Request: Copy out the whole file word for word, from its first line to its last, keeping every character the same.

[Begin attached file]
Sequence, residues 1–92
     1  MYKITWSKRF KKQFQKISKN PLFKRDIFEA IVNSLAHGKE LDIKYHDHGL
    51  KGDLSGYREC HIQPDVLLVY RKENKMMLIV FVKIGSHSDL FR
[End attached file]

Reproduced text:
Sequence, residues 1–92
     1  MYKITWSKRF KKQFQKISKN PLFKRDIFEA IVNSLAHGKE LDIKYHDHGL
    51  KGDLSGYREC HIQPDVLLVY RKENKMMLIV FVKIGSHSDL FR